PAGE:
James Cole Clay has been working as a film critic for the better part of a decade covering new releases, blu ray reviews and the occasional drive-in cult classic. His writing is dedicated to discovering social politics through diverse voices, primarily focusing on Women In Film and LGBTQ cinema.
James C. Clay // Film
THE BIGGEST LITTLE FARM
THE BIGGEST LITTLE FARM has its heart in the right place. The director, narrator and subject of the film, John Chester, puts his idealized version of the way we consume food into practice with a dream project of owning a farm north of Los Angeles with his wife Molly. The film, more or less, is a commercial for Apricot Farms, which teeters on the annoying side; however, once the whole trend of farm to table living is dropped and the real-life struggles Chester faces in the film become front and center, it touches upon a universal truth that extinguishes the romance in service of a more grounded story.
As Chester narrates his story, we are taken to the beginning when Jon was a cinematographer and lived in Los Angeles with his wife Molly, who worked as a personal chef. As their family grew (when they adopted their dog, Todd), they became weary of city life and wanted more space and searched for a way to make an impact on their community. With little farming experience and no money to start their dream, the couple embark on a seven-year journey full of hardships that seem endless.
Like most environmental documentaries, there is an alarmist take that can bore viewers rather quickly, but what Chester is able to infuse into his work is a story that transcends the environmentalist cause and is elevated into a human story. THE BIGGEST LITTLE FARM isn’t here to indoctrinate its audience, but rather present a philosophy via Jon’s voiceover that’s inspiring, if not a bit daunting at times. The biodiverse agriculture is meant to be sustained by patience, love and understanding, but like anything in life, mother nature has different plans for Apricot Farms.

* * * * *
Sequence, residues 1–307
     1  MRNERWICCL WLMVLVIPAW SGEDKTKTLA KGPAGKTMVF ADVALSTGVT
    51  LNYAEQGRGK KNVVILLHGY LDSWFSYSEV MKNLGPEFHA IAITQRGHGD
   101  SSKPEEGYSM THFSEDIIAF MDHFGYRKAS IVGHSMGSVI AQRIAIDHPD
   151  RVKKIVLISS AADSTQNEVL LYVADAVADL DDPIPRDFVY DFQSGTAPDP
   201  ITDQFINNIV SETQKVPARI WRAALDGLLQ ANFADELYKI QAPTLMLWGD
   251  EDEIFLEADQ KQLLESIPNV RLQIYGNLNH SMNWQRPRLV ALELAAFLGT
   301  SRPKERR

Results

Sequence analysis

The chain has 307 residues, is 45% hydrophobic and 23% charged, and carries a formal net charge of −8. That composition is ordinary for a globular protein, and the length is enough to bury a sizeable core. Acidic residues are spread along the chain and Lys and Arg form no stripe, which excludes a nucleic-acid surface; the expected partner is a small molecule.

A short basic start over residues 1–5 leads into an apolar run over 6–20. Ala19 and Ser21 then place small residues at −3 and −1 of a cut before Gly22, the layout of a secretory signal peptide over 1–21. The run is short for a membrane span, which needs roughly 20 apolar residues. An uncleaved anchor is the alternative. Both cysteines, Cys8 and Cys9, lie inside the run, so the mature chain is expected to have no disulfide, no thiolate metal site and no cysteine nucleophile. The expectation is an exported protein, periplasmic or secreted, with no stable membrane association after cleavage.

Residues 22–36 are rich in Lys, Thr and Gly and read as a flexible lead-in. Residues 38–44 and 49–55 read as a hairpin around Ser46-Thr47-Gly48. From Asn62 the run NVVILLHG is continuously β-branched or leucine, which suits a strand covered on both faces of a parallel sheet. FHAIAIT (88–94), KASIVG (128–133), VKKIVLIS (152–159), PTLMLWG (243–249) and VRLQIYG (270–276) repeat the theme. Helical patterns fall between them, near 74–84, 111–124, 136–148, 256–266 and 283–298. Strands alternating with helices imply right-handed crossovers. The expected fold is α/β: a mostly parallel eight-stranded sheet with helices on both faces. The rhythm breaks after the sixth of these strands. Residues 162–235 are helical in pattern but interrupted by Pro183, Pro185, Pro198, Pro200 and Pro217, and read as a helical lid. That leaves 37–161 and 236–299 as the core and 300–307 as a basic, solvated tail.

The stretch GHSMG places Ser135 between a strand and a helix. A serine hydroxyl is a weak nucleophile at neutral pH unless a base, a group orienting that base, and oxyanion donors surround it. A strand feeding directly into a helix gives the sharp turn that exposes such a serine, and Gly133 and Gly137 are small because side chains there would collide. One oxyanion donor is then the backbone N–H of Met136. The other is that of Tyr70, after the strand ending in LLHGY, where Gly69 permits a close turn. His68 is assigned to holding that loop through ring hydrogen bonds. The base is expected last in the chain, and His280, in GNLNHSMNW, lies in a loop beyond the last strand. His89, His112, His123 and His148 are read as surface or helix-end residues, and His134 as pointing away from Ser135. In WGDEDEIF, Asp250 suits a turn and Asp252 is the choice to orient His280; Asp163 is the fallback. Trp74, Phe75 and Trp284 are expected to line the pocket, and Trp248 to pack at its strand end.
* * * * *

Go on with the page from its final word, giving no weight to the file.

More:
Everything in this film has a purpose, including the Chester family’s initial ignorance for their project. We get to learn along with them about the hardships that come with owning a 55-acre property. From more obvious problems such as resurrecting dead soil, to coyotes killing their chickens and even more unforeseen issues like a snail infestation.
While THE BIGGEST LITTLE FARM chronicles the history of what it means to own a farm, it might have worked even better as a miniseries on Netflix. But in the 90-minute run time, Chester is able to infuse little nuggets of wisdom within the frame. Sometimes the film feels a bit too tight and needs room to breathe because every time a problem ends at Apricot Farms another one begins.
Chester’s background as a cinematographer is put on full display as the property is framed in an idyllic light that makes even the worst problems Jon and Molly face seem serene.
THE BIGGEST LITTLE FARM can become a hodgepodge of scrapbooking from their exploits, but it’s impossible to deny that these people have worked so hard to bring their vision to life. It shows what just a few people can accomplish if you just stay the course.
THE BIGGEST LITTLE FARM is now playing in limited release.